High Altitude Baking: Bourbon-infused brown sugar bars (recipe) | SummitDaily.com

High Altitude Baking: Bourbon-infused brown sugar bars (recipe)

These chocolate-brown sugar bars are satisfying any way you serve them. Chilled, they’re dense and chewy; when slightly warm, they’re soft and gooey (take care, if too warm, they fall apart); and at room temperature, they’re somewhere in between.
Vera Dawson / Special to the Daily |

Editor’s note: Living in the Colorado High Country is pure joy. Baking in it isn’t. High altitude makes cookies spread in the pan, cakes fall and few baked goods turn out as they do at sea level. This twice-monthly column presents recipes and tips to make baking in the mountains successful.

Imagine a super-rich chocolate chip cookie in a thick, square shape, and you’ll know what to expect from these chocolate-brown sugar bars.

The dough boasts that well-loved butter and brown sugar flavor, enhanced by a little bourbon, which sweetens it and adds a welcome complexity. Swirled through this base are pecans and real chocolate, chopped large enough to melt to a soft, smooth consistency. Simple, but, oh my, the overall effect is good.

The bars are satisfying any way you serve them. Chilled, they’re dense and chewy; when slightly warm, they’re soft and gooey (take care, if too warm, they fall apart); and at room temperature, they’re somewhere in between. When we need a dessert, we cut larger squares and use them as the bottom layer for a very pleasing sundae. We warm the squares, pile on a scoop or two of vanilla ice cream, add a sprinkle of chopped pecans and top the whole thing with warm chocolate sauce. It’s a fine way to end a meal.

Overbaking these babies will destroy all their decadent qualities, so pay close attention while they’re in the oven and determine when they’re done by their look and feel, rather than by time.

Chocolate-brown sugar bars

(Make in a 9-by-9-inch metal baking pan. Adjusted for altitudes of 8,000 feet and higher.)

1 ¼ cups plus 2 tablespoons flour (spoon and level)

1 teaspoon baking powder

½ teaspoon salt

13 ½ tablespoons unsalted butter

1 cup dark-brown sugar, firmly packed

1 large egg

1 large egg yolk

3 tablespoons bourbon

2 tablespoons vanilla extract

6 ounces semisweet chocolate, chopped into quarter-inch pieces

¾ cup chopped toasted pecans

Step 1

Preheat the oven to 350 degrees with a rack in the center position. Line the pan with nonstick aluminum foil or regular aluminum foil, extending it several inches beyond the pan on two opposing sides to use as handles when removing the bars. If using regular foil, grease it well.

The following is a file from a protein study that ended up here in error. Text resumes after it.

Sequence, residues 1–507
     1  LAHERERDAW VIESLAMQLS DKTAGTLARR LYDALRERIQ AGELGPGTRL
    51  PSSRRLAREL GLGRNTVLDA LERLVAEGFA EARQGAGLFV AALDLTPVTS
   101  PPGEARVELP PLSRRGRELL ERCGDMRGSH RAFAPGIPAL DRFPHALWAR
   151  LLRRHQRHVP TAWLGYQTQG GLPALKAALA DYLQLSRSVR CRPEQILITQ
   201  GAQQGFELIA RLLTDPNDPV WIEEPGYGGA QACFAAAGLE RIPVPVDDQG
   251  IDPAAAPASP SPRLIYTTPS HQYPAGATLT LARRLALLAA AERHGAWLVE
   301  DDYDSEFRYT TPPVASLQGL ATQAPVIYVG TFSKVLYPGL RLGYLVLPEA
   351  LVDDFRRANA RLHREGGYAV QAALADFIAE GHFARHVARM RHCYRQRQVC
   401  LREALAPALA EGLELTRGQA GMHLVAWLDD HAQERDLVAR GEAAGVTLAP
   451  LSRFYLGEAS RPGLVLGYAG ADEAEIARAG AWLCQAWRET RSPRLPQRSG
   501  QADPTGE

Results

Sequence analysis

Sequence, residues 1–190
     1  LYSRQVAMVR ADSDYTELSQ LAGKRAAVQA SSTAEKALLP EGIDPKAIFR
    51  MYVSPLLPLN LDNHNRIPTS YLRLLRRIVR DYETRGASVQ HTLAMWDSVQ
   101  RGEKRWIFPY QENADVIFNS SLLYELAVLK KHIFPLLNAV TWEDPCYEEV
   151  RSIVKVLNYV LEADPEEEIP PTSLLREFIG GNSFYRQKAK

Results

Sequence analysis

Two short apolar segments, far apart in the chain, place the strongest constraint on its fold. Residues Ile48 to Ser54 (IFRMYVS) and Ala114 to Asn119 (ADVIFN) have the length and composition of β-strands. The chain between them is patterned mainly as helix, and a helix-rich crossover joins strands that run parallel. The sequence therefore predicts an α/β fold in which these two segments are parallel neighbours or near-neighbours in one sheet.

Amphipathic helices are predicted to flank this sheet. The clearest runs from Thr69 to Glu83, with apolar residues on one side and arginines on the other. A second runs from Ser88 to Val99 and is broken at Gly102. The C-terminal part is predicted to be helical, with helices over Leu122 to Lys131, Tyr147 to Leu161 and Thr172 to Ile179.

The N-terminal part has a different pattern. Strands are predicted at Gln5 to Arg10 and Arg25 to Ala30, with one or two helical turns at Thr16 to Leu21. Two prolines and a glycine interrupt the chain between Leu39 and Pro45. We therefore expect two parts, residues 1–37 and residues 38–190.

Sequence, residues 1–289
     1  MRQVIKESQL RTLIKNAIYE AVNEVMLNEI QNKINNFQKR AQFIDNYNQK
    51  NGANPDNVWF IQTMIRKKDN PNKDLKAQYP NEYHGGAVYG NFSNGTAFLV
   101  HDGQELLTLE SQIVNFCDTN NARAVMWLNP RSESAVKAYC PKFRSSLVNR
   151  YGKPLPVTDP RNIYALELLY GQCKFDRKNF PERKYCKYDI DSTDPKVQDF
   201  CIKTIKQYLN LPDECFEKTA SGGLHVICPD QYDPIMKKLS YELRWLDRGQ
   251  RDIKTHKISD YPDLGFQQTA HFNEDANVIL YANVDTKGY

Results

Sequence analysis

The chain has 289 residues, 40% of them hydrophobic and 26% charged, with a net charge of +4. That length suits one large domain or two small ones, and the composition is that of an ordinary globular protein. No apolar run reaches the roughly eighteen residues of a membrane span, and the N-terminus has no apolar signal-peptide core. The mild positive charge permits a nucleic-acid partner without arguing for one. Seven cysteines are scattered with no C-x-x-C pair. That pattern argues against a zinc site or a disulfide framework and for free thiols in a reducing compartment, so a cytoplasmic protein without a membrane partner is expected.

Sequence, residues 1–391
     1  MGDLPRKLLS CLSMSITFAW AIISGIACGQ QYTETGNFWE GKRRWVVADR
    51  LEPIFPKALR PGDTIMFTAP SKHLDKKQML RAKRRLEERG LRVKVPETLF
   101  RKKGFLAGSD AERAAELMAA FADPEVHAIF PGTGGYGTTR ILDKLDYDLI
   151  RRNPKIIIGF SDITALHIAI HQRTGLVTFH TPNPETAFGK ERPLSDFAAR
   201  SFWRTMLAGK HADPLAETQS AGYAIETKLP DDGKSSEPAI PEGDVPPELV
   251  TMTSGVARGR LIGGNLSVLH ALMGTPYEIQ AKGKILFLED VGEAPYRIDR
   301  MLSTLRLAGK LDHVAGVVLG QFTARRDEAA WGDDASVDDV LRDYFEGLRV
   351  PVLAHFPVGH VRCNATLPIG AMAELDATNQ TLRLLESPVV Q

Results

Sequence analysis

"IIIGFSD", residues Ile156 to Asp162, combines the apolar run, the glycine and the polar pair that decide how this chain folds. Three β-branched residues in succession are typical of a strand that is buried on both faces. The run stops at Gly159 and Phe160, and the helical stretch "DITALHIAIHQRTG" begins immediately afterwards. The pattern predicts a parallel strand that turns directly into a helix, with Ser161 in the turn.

Step 2

Combine the flour, baking powder and salt in a bowl, and whisk until well mixed. Set aside.

Step 3

Cut the butter into pieces, place them in a large saucepan, and heat over medium-low, until about half of the butter melts. Add the brown sugar, and stir until the butter is completely melted and the two are fully blended. Bring the mixture to a boil, and boil for about 1 1/2 minutes. Set aside to cool completely (refrigerate to speed up the process).

Step 4

Add the egg to the cooled butter mixture, and beat with an electric mixer at medium speed until fully incorporated. Repeat this process with the yolk. Put in the bourbon and vanilla, and beat again. Add the flour mixture, and using your mixer’s slowest speed or by hand, blend in the dry ingredients. Scrape down the sides of the bowl as needed throughout this step.

Step 5

Add the chopped chocolate and the nuts, and mix by hand until they are evenly distributed through the batter. Scrape the batter into the prepared pan, level and smooth it, and then bake until the dough is set but soft and a toothpick inserted in the middle comes out clean. This takes from 25 to 30 minutes in my oven.

Step 6

Remove the pan to a rack to cool completely. Use the foil handles to remove the slab from the pan, and cut into bars. Store the bars in the refrigerator for three days or freeze for a month. Serve cold, at room temperature, or slightly warm, if serving as cookies. If using in a sundae, serve slightly warm.

This is a variation of a recipe from “Caprial’s Desserts.”

Vera Dawson, a chef instructor with CMC’s Culinary Institute, lives in Summit County, where she bakes almost every day. Her recipes have been tested in her home kitchen and, whenever necessary, altered until they work at our altitude. Contact her at veradawson1@gmail.com.

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